Finding center of universe

  1. can we find the center of the universe by measuring the deviation from theoretical value of the shape of comet's orbit when compared to real shape of comet's orbit.
  2. jcsd
  3. There is no center to the universe.

    The OBSERVABLE universe has a center, and you are it.

    EDIT: you would likely find it informative to read the FAQ in the cosmology section
    Last edited: Nov 8, 2012
  4. Are we moving relative to the observable universe?
  5. Wherever you are, you are the center of the observable universe, so no, we are not by definition.

    EDIT: you would likely find it informative to read the FAQ in the cosmology section
  6. we know that universe was created after big bang occured. then the universe would have been a point and started expanding in all direction then it have looked like a spherical ball whose surface is expanding a center. so it is meaningful to talk of center of universe isn't it
    Last edited: Nov 8, 2012
  7. Where's the center of a point?
  8. sorry. i have edited my posting now.
  9. Absolutely not. The big bang was most emphatically NOT a point. It happened everwhere and there is no center and no edge.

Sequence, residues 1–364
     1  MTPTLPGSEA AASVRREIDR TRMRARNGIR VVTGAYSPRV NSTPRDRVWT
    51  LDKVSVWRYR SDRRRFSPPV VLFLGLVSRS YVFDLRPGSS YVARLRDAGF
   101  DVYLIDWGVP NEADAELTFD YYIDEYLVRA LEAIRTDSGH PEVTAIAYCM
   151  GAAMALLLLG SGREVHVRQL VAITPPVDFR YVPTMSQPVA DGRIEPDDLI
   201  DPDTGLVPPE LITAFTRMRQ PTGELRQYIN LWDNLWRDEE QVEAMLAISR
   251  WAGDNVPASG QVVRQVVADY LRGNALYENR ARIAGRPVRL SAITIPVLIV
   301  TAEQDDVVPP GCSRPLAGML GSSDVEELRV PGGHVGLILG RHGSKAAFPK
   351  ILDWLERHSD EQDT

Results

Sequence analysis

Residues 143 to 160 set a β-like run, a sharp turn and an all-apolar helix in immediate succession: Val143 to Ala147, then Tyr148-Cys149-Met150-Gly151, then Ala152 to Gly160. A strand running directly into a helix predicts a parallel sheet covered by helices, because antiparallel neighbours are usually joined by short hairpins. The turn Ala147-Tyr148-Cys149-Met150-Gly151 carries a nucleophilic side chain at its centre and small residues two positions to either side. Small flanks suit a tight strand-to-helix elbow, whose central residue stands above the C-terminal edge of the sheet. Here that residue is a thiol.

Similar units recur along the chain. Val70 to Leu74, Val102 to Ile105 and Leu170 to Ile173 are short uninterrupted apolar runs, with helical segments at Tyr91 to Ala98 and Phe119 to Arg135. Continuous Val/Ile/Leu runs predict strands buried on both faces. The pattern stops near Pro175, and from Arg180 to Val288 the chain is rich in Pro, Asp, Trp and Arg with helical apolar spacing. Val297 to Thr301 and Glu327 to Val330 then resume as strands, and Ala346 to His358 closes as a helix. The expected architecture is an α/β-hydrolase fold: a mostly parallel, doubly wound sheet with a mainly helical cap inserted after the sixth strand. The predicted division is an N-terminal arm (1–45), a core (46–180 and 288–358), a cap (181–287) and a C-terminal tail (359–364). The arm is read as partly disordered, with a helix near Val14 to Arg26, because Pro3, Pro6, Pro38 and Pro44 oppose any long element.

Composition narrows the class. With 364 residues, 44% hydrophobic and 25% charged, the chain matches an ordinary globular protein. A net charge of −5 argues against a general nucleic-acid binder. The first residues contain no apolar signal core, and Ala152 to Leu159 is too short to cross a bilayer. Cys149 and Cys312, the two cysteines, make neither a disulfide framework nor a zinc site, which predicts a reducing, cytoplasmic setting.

This is a bit hard to get your head around when you first hear it, but it is the case. You should read more cosmology. Try the FAQ in the cosmology section.
  10. Chronos

    Chronos 10,348
    Science Advisor
    Gold Member

    The premise the universe began as an infinitesimal point is illogical on two counts:
    1] If the universe is infinite, it was infinite from the beginning. Only the observable universe would be point-like at its inception.
    2] Unless the big bang occured in some kind preexisting space, the size of a point is undefined in the absence of external spatial coordinates.
  11. I agree w/ what you are saying, except that I see the bolded statements as mutually contradictory. If the current observable universe started off as a dimensionless point, then it seems to me that so would have the entire universe. The observable universe likely started off REALLY small, but not as a point. Perhaps that's what you intended by "point-like" ?